3. This Rule was obtained by the second party against an Order passed in proceedings under Section 145, Criminal P.C. The second party's case is that she as purchaser of a patni at a sale under the Patni Sales Law, obtained possession of the property sold and that thereafter the first party was attempting to dispossess her. The case of the first party is that they were the owners of a ganti right over the land and that their ganti tenure was created before the patni was created and consequently could not be and was not annulled by the sale under P,atni Sale Law and the proceedings held thereunder. They claimed that they had been in possession of the land as gantidars uninterruptedly and that the steps taken by the second party did not result in their being dispossessed. The finding of the Court below is that the ganti tenure possessed by the first party was created before the creation of the patni and that it could not be and was not annulled. The second finding is that the gantidars who are the first party remained in uninterrupted possession and that they were not dispossessed by the steps taken by the second party subsequent to the purchase of the patni. On these findings the possession of the first party was declared and main-tained. This Rule was obtained on only one ground which is as follows:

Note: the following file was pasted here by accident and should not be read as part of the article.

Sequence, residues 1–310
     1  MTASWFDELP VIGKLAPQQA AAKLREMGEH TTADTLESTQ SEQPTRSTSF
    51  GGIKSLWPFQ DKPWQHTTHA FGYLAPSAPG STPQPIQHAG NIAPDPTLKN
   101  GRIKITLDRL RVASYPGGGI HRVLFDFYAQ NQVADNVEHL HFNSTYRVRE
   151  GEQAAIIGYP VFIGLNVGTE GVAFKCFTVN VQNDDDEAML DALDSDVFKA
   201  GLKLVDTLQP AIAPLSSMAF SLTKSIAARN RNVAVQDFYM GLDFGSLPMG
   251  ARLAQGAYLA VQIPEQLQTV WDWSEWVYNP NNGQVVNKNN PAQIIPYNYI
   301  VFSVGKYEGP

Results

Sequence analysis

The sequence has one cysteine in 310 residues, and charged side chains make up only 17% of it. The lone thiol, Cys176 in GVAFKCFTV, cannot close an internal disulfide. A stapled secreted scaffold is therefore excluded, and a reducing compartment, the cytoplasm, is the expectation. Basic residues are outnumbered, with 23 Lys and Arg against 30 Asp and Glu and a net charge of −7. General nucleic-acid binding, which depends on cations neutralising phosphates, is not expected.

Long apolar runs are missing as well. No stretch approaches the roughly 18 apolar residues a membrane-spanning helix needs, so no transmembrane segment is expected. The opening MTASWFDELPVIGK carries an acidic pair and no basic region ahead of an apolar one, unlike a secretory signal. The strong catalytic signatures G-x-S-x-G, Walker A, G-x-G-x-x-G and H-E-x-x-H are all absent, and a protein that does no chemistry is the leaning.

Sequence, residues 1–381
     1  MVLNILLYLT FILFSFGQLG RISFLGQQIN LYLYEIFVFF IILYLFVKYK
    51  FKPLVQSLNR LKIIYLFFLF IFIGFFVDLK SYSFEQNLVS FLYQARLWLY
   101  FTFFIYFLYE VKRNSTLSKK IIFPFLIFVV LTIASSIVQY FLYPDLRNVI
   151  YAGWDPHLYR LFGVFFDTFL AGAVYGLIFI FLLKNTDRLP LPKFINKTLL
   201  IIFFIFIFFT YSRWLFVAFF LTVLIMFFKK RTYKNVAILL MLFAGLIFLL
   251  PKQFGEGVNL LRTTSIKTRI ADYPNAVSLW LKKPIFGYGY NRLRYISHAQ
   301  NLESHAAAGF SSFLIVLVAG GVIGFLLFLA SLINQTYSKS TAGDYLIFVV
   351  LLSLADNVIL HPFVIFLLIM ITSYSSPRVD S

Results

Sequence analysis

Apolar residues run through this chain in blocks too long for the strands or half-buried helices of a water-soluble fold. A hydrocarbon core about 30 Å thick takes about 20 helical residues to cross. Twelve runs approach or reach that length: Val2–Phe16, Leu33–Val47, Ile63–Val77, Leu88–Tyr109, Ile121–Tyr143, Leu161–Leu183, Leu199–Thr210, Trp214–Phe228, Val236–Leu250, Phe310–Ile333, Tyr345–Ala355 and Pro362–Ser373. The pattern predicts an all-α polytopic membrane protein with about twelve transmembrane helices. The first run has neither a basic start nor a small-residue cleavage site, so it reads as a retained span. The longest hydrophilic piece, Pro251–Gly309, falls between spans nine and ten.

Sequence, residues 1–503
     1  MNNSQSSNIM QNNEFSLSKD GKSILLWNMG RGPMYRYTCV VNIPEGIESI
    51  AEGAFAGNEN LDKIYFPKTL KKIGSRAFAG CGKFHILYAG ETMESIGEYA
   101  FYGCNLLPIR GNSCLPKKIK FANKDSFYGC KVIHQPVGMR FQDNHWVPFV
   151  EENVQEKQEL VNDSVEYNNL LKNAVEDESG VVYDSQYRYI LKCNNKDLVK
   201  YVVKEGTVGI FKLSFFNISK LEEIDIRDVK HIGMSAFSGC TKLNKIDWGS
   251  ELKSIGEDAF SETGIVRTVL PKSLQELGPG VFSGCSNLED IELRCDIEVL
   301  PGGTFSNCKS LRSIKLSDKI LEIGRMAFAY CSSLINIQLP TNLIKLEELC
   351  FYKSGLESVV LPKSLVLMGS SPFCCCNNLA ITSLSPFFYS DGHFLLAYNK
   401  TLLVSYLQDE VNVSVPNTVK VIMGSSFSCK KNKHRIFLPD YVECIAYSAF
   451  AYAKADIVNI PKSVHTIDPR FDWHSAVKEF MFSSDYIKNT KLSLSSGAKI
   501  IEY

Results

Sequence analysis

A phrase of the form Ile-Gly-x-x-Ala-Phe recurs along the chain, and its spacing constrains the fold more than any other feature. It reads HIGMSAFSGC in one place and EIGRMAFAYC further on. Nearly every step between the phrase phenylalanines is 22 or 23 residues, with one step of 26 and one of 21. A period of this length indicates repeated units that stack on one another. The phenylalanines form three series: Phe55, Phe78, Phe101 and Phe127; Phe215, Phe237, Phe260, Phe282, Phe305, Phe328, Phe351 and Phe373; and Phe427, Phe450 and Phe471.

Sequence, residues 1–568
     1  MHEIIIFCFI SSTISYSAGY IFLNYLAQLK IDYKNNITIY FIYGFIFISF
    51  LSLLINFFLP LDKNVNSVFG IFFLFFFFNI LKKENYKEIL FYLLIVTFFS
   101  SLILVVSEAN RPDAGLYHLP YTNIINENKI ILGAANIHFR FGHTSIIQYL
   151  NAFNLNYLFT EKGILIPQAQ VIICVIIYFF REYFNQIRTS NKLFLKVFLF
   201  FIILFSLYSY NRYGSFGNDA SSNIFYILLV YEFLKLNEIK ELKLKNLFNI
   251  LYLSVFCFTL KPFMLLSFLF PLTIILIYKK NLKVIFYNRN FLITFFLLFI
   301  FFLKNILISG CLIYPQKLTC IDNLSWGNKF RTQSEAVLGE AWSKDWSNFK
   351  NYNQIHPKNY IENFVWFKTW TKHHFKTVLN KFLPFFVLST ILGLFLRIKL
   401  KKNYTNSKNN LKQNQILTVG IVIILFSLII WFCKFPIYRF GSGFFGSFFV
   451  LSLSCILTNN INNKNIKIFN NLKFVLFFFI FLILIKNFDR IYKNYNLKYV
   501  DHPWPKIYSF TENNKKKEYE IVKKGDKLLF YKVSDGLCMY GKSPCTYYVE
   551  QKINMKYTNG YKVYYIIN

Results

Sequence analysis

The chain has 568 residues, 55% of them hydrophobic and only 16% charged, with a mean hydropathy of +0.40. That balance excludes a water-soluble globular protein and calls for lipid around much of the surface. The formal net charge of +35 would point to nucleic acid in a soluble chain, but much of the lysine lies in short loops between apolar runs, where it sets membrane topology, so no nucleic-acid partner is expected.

For that it having been found as a fact that your petitioner was in possession from 20th to 31st March 1941, the Order of the learned Magistrate is without jurisdiction and illegal.'